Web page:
Book of Friendship

Aleksa Đukanović
(Book of Friendship, Žarko Radaković / Scott Abbott, Laguna 2022.)

Review in Belgrade’s daily newspaper POLITIKA

Translation by the well-known wizard: google translate

A book about friendship: a joint prose achievement written in two voices – by Žarko Radaković and Scott Abbott. It was recently published by Laguna Press. It is a classic autobiographical novel according to most general genre literary criteria. But, when we see in detail and more closely all the artistic elements built into this complex prose work and when we interpret and recognize them in detail, we realize that it is undoubtedly Radaković’s well-known multi-genre (or “non-genre”) prose. Thus, the mixture of memoir-biographical and narrative-novelistic thread that harmoniously and constantly, even “hereditarily” continues his earlier prose works: Emigration (1997), Pogled (2002), Fear of Emigration (2010), Kafana (2016), Krečenje (2018), Travel (2021) and which is qualitatively the most extensive in this case.

This time, readers can see a kind of phenomenon in the co-author: Scott Abbott, writer, translator and professor of German studies at the University of Utah Valley, USA. Abbott, painting (pseudo) biographical fragments from the life of his friend Z. Radaković, uses an impressive literary-documentary technique which, with its descriptive exuberance and “memoir” ambiguity, is almost indistinguishable from the mentioned vision and the well-known literary technique of Ž. Radaković, which is, therefore, an additional curiosity. So, we have here an excellent prose book, written by two authors, and with the undoubted impression that it was written by one! This skillful mix of conceptual literary art and very clearly recognizable features of the postmodern, extends to two hundred pages and in six long chapters whose authors, with the quantity of texts, are almost equal, Abbott and Radaković. A. Caldiero writes a short epistolary piece and Nina Pops finishes the book with her masterful portraits of “Žarko Radaković and Scott Abbott”.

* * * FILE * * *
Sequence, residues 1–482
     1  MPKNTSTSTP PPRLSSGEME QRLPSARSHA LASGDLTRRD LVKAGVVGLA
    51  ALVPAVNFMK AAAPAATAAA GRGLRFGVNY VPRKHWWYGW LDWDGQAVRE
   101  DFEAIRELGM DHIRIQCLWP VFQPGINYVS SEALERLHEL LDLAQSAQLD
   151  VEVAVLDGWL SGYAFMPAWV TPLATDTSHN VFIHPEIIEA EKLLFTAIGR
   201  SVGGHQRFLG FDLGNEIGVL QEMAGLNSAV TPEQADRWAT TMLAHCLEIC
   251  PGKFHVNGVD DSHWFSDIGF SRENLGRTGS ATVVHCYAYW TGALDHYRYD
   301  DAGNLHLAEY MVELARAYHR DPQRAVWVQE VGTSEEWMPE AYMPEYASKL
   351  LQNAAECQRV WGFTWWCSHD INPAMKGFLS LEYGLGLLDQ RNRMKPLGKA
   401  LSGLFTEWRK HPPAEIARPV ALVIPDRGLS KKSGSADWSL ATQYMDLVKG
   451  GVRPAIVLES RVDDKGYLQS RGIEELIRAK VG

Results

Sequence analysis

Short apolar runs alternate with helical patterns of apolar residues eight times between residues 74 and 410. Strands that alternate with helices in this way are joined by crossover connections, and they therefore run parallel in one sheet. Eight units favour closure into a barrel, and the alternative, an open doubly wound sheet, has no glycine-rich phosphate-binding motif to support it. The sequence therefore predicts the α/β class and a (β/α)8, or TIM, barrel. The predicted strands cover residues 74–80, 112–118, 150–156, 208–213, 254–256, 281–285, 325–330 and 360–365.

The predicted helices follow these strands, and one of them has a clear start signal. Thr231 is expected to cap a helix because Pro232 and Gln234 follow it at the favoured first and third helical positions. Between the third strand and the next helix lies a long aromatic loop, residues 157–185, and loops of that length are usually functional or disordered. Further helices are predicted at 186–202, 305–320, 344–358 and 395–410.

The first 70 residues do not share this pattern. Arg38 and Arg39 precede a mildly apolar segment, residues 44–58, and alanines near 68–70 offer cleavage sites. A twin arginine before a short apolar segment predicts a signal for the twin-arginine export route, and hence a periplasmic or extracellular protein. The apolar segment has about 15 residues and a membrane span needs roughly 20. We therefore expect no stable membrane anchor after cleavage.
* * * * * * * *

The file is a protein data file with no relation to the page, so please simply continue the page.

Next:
The book contains an almost Proustian gallery of approximately fifty literary and “real” characters: starting with John Zorn, Bob Abbott, Andrić, Era Milivojević, David Albahari, poet Alex Caldiero, Julije Knifer, through Krleža, Svetislav Basara, Matija Bećković, Novak Djokovic, Momo Kapor, Goethe, Schiller, Marina Abramovic, including Dragan Velikic, Rasa Livada, Zlatko Bocokic, Jacques Tati and unnamed “waiters”, “cooks”, “students”, “hairdressers”, “taxi drivers”, etc. and finally, of course: Peter Handke. Handke, who is the central theme but also one of the main reasons for the creation of this book, is in a way, in fact, the “fourth” and “unnamed” co-author of this multiple novelized biography (besides Abbott, Radaković and Caldiero).

The book is written in a very suggestive, emotional, sentimental and sensitive style, which gives the work an undoubted stamp of novelized biographical and memoir prose. By inserting a short correspondence between Schiller and Goethe, the authors skillfully give symbolism to their book, creating a special historical impression on readers, a line of clear connection and uninterrupted continuity of a single human literature, no matter in which languages ​​it was created in world history.